Armed with Prayer

PRAYING TO COMPLY TO GOD’S DEMANDS

Compliance is to acquiesce willingly to a demand, a request or a wish.  It is not an act of blind obedience; but, a voluntary choice do what the person does I desire to follow.  My problem is that I do not consider what I am asking.  I may be going over my head and do not know it.  James and John asked Jesus to be seated on his right and left.  Jesus had two questions, do you know what you are asking and can you drink the cup I will drink?  They had no answer to the first question, but they were certain that they could drink the cup.  Their problem was that they missed the real reason why Jesus had chosen them (Mk. 10:35-45). 

Jesus’ gave his final lesson during his last meal with his disciples when he washed their feet and then asked them, “Do you understand what I have done for you?  You call me ‘Teacher and Lord’ and rightly so; for that is who I am.  Now that I, your Lord and Teacher, have washed your feet, you also should wash one another’s feet.” Why did Jesus stoop to such a low servant level?  For some, it has become a command to engage in a religious ritual.  To others, it was to show how to be humble.  Everyone is entitled to draw his or her conclusion.  I see no need to guess what Jesus had in mind.  He provided us with his own reason.  “I have set you and example that you should do as I have done for you.  I tell you the truth, no servant is greater than his master, nor is a messenger greater than the one who sent him.  Now that you know these things, you will be blessed if you do them” (Jn. 13:1-17).

Let us put into the context Jesus found himself.  His disciples, like lords and masters, sat down and expected to be served.  Jesus showed them, as their Teacher, what to do by getting up and do what they themselves should have done when they entered the room for the Last Supper.  They had failed to comply with tradition or regulation to wash their feet.  They expected to be served, rather than to serve.  Jesus had no rank and file and no one was above the other.  They all had to live with each other by being of service to one another within the laws and limits set by God or society.  After the unreasonable request of the Zebedees, Jesus had called the disciples together and said, “You know that those endowed with power rule as lords over the Gentiles.  That is not what you shall do.  Anyone among you who wants to be great can be so by being a servant (diakonos) and any one that wants to be first must be like a slave (doulos).  The Son of Man (your teacher) did not come to be served but to serve and give his life as a ransom for many” (Mk. 10:42-45).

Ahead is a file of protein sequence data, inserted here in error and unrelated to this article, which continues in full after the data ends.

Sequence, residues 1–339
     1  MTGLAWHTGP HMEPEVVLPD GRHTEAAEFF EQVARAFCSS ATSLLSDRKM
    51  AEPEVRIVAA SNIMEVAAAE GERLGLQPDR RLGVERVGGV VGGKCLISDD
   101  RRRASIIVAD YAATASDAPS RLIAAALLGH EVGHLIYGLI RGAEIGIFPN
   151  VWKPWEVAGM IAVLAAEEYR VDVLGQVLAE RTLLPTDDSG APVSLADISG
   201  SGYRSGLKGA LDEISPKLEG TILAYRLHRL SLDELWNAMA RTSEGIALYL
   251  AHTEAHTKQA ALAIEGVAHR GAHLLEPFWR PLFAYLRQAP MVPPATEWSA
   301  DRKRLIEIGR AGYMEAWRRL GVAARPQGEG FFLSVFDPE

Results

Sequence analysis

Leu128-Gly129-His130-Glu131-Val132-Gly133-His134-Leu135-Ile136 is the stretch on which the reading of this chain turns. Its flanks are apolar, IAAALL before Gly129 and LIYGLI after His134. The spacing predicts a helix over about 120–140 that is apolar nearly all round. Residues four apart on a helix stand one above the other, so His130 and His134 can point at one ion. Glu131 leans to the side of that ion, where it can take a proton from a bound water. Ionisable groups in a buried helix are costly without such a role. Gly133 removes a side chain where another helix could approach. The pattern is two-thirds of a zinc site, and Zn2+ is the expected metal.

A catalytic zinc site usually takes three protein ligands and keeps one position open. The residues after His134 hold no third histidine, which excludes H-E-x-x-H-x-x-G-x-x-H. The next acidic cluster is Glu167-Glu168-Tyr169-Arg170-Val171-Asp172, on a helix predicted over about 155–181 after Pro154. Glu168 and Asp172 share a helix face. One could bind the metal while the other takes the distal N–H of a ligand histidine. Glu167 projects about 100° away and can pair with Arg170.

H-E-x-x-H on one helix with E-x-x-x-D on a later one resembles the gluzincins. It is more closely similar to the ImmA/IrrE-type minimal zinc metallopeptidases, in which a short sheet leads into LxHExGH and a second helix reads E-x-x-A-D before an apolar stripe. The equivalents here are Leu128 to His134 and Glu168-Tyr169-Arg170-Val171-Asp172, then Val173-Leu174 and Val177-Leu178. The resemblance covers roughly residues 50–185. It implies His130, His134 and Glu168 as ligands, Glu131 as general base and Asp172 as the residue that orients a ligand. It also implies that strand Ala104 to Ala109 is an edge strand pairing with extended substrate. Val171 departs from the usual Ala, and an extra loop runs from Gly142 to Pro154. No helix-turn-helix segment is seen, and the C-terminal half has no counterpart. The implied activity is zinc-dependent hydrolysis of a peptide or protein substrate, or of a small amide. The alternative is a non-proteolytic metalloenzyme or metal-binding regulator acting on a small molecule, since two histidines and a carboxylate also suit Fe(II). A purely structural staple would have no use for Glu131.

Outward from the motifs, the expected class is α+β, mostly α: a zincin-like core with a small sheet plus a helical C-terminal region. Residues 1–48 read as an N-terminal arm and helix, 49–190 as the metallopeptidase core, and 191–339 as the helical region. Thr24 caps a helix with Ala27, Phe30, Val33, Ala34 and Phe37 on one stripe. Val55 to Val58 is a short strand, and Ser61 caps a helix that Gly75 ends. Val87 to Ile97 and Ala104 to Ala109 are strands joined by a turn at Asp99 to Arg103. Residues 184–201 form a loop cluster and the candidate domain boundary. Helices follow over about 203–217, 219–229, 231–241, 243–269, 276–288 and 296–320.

No one is an island in this word.  The world is not build around us.  It has limits and regulations to protect those boundaries.  We have to learn to operate within the guidelines that are beneficial to most of us.  Jesus, himself, did not come to free us from regulations that are beneficial to us (Mt. 5:17).  He came to do the will or limits set by his heavenly Father (Jn. 6:38).  He followed God’s blueprints and so must we.  Jesus specifically taught us how to comply before we pray.  The first thing we must ask ourselves, whether we are honoring God with our requests?  Perhaps we should ask, are we fit to enter God’s presence?  The idea that I can come as I am is not in the Bible.  Even those of us, who believe in Jesus Christ as our way, must do as He did.  It was not the self-righteous of a Pharisee God accepted, but the sinner who pleaded for mercy from a distance (Lk. 18:9-14).  If we are unwilling to forgive, God shuts the door in our face (Mt. 6:14-15).